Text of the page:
A soccer game on the other side of the planet was at the root of the resentment. Rangers were set to play Celtic that weekend and each group of Scotsmen represented their particular club affiliation. Some present had experienced the rivalry first hand – played in one or watched from the stand – and the repercussions that arose as a consequence. Out in the cold, in the middle of a football pitch, all that history thought to have been left behind in the old country found a way to the forefront of those men’s minds. Men who week in, week out played, fought and sweated for each other, on that night, were bent to find a reason to come to blows. Both groups glared at one another from the corners of their eyes on the lookout for the slightest excuse. Everyone else present faded into obscurity. The grudge was all that concerned them. It grew all the more uncomfortable when the boss called everyone together to get the session started. The coach knew as well as anyone what was at stake, and the newly demanded proximity did little to soften the mood as he attempted to broker peace.
“Let’s leave that shit where it belongs!” He said at the top of his heavily accented lungs, but it was to no avail. Words were uttered, indecipherable to those not fluent but heard clearly by the ears they were intended for. The young man’s first impulse was to leave. Walk away and not return until the match on the other side of the planet had been completed and everyone’s sense had returned. That window of possibility had closed not long after he’d wandered out of the locker room before the start of practice. This was a fight he had no business in. There was no side to choose because he belonged to neither. The whole affair felt alien to him. For the moment it was best if he remained still. Silent and still.
A brawl is similar to an avalanche in some ways. There’s a moment where momentum takes the reins and the only means of escape is to wait for the energy to dissipate before you try to dig yourself out of the debris. The two groups consumed everyone in their wakes and dragged outsiders into the fray. He clenched his hands into fists before he raised them in front of his face in anticipation of the wave of blows set to envelope him, but to his surprise never came. He can’t remember the name of the man who halted the momentum that night but his presence parted the two groups like a sea. His growl was ferocious, and his accent harsh and deep. The words he used made sense only to those they were directed at but everyone present deciphered their meaning. He wasn’t interested in who would start it, only that all were quite clear, he would be the one to end it. There would be no fight that night. His challenge would go unmet. There’d be no soccer either. At the head coach’s instruction, the assistant coach locked the balls away before he proceeded to run the hate out of them. The innocent shared the punishment with the guilty on that night.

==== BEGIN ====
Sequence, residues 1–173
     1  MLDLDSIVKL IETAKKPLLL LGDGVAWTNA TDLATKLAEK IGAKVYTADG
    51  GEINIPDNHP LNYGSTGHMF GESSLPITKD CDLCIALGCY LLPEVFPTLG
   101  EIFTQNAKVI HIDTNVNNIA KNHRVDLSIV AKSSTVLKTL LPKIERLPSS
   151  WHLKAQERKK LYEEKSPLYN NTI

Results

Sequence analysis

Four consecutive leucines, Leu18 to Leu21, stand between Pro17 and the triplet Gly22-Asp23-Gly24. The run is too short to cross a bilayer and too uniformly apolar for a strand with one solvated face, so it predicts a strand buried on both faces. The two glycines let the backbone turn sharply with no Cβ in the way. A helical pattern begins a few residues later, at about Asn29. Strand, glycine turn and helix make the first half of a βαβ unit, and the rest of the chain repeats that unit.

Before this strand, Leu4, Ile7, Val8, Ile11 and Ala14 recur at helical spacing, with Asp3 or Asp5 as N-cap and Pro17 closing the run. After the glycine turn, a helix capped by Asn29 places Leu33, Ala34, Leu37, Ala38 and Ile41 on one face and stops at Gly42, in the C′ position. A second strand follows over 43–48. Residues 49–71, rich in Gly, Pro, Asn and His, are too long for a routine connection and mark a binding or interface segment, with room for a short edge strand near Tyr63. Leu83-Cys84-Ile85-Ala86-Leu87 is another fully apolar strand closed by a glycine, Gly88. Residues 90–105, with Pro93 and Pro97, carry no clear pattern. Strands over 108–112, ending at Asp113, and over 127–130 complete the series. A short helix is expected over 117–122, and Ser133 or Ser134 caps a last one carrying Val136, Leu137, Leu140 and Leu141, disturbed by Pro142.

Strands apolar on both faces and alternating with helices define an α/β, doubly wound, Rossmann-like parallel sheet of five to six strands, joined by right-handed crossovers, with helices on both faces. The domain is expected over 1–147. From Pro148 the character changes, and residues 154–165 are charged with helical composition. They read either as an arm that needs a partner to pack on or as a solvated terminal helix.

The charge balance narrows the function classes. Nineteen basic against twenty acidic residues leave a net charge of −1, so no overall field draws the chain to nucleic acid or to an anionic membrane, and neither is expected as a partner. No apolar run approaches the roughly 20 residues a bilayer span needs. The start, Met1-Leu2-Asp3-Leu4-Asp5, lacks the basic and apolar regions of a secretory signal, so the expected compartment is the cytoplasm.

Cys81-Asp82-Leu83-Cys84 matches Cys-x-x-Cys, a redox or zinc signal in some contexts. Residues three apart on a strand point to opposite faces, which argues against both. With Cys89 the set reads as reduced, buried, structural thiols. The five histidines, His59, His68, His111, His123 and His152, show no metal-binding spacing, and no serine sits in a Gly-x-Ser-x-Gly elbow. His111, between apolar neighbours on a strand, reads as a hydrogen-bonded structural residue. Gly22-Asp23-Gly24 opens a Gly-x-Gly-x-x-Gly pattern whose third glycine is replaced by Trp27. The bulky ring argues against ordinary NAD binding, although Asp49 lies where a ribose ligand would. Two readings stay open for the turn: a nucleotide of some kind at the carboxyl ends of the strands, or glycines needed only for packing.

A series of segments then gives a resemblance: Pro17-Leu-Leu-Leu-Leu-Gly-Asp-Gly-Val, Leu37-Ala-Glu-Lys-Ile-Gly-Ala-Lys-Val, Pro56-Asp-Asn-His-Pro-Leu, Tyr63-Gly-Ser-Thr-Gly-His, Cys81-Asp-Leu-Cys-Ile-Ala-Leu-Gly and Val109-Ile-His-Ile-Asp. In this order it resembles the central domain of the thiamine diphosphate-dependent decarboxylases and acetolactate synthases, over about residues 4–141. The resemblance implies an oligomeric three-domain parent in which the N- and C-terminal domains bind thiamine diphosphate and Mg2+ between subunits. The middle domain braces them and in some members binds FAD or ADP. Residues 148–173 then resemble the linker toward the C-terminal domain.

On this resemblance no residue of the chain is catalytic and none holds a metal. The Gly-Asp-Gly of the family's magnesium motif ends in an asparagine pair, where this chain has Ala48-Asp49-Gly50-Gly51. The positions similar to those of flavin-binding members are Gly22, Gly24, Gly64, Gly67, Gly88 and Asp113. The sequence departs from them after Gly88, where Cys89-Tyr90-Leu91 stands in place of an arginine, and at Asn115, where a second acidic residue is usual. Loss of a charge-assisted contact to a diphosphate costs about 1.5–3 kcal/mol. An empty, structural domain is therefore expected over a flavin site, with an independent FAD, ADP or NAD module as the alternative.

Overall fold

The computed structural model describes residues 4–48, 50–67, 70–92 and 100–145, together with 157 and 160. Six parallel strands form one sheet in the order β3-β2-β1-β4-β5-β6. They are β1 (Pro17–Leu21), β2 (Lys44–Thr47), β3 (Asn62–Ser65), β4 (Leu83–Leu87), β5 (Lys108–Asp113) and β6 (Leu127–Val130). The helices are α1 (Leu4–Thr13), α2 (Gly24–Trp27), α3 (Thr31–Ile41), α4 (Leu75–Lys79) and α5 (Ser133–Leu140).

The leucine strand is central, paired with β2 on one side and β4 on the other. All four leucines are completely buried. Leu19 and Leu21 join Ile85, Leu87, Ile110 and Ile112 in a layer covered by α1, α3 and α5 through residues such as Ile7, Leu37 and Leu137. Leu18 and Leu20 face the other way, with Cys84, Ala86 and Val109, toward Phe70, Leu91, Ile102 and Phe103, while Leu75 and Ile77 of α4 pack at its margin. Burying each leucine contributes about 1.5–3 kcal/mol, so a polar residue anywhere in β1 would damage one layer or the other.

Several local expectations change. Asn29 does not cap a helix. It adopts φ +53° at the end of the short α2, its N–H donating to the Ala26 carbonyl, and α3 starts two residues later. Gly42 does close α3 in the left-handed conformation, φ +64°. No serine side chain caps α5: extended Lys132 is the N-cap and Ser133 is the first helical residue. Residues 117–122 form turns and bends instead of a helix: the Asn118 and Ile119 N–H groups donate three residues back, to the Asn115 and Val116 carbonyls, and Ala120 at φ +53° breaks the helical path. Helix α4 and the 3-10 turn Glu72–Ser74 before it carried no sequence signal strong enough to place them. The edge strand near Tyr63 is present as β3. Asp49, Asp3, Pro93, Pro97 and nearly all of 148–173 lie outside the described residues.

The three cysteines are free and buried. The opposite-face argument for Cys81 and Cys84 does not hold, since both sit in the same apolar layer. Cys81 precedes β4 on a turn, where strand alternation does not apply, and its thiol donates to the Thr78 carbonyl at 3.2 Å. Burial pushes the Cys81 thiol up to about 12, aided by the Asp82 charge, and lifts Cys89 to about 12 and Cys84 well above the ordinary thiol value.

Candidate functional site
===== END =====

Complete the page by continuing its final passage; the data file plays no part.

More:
The notion of New World soccer rivalries had rung hollow in his ears ever since. Rivalry in the Old World is a difficult concept for New World soccer fans to comprehend if they have never witnessed it in the flesh. Typically it’s as old as industry. The origins are antique old and the grievance tends to be based in episodes of discrimination and injustice utterly alien to all but those embroiled in the details. They are the exclusive domain of the Old World and any attempt to manufacture or even hint at New World soccer traditions in a similar vein is utterly ridiculous. In the Old World rivalry often equals proper hatred. Hatred capable of inciting the kind of behavior that precedes spilled blood and group violence based on geographical proximity, and vague historical recollections is an aspect of the game best left to those in the Old World still interested in such matters.
Whatever benefit New World soccer’s decision makers believe can be gleaned from Old World examples of fanaticism doesn’t compensate for the copious emotional baggage attached to the deal. Romanticized notions of Old World soccer nightmares will serve only as a repellant to the swaths of New World soccer fans who associate such beliefs with mindlessness and hooliganism and attract a brand of ignorance Old World soccer wishes it could shed like a skin.
Even the subtlest comparison between New World soccer’s attempts at interclub rivalry and the most notorious examples of regional enmity in Old World soccer is impossible to take seriously because of this obvious disparity in maturity between the two. Any attempt on the part of New World domestic competitions to encourage such blatant nonsense in a bid to appear more grown-up makes this New World soccer supporter feel slightly queasy. New World soccer is a completely different beast to Old World soccer in this respect and many others. Soccer in the New World is a modern game and should be embraced as such. Why do we continue to deny this?